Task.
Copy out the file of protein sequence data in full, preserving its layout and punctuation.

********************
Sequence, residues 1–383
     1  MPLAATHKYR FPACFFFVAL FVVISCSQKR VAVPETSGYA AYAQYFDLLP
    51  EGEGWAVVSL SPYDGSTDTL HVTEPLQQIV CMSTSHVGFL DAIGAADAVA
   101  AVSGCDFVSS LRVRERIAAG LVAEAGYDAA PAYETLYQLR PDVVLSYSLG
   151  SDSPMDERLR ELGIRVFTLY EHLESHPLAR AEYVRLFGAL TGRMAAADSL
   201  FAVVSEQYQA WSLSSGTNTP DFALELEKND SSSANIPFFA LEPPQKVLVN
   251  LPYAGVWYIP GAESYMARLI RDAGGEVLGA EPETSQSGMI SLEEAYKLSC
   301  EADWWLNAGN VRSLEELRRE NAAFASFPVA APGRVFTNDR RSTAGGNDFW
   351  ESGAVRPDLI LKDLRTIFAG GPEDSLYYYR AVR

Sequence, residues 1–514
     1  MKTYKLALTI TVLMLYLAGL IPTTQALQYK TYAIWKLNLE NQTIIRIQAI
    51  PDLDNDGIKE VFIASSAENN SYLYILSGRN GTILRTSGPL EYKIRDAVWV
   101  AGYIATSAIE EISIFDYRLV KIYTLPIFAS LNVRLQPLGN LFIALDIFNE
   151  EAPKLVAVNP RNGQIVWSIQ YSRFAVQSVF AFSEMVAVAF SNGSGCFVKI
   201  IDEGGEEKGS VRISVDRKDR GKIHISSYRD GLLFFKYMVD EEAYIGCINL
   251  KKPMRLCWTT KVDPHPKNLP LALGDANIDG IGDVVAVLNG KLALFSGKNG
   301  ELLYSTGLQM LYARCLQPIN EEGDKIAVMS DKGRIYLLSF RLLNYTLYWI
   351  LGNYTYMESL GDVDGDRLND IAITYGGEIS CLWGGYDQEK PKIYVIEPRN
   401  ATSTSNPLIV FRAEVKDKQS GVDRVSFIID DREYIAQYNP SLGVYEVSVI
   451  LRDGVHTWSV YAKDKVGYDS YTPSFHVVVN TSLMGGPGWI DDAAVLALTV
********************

Sequence, residues 1–383
     1  MPLAATHKYR FPACFFFVAL FVVISCSQKR VAVPETSGYA AYAQYFDLLP
    51  EGEGWAVVSL SPYDGSTDTL HVTEPLQQIV CMSTSHVGFL DAIGAADAVA
   101  AVSGCDFVSS LRVRERIAAG LVAEAGYDAA PAYETLYQLR PDVVLSYSLG
   151  SDSPMDERLR ELGIRVFTLY EHLESHPLAR AEYVRLFGAL TGRMAAADSL
   201  FAVVSEQYQA WSLSSGTNTP DFALELEKND SSSANIPFFA LEPPQKVLVN
   251  LPYAGVWYIP GAESYMARLI RDAGGEVLGA EPETSQSGMI SLEEAYKLSC
   301  EADWWLNAGN VRSLEELRRE NAAFASFPVA APGRVFTNDR RSTAGGNDFW
   351  ESGAVRPDLI LKDLRTIFAG GPEDSLYYYR AVR

Sequence, residues 1–514
     1  MKTYKLALTI TVLMLYLAGL IPTTQALQYK TYAIWKLNLE NQTIIRIQAI
    51  PDLDNDGIKE VFIASSAENN SYLYILSGRN GTILRTSGPL EYKIRDAVWV
   101  AGYIATSAIE EISIFDYRLV KIYTLPIFAS LNVRLQPLGN LFIALDIFNE
   151  EAPKLVAVNP RNGQIVWSIQ YSRFAVQSVF AFSEMVAVAF SNGSGCFVKI
   201  IDEGGEEKGS VRISVDRKDR GKIHISSYRD GLLFFKYMVD EEAYIGCINL
   251  KKPMRLCWTT KVDPHPKNLP LALGDANIDG IGDVVAVLNG KLALFSGKNG
   301  ELLYSTGLQM LYARCLQPIN EEGDKIAVMS DKGRIYLLSF RLLNYTLYWI
   351  LGNYTYMESL GDVDGDRLND IAITYGGEIS CLWGGYDQEK PKIYVIEPRN
   401  ATSTSNPLIV FRAEVKDKQS GVDRVSFIID DREYIAQYNP SLGVYEVSVI
   451  LRDGVHTWSV YAKDKVGYDS YTPSFHVVVN TSLMGGPGWI DDAAVLALTV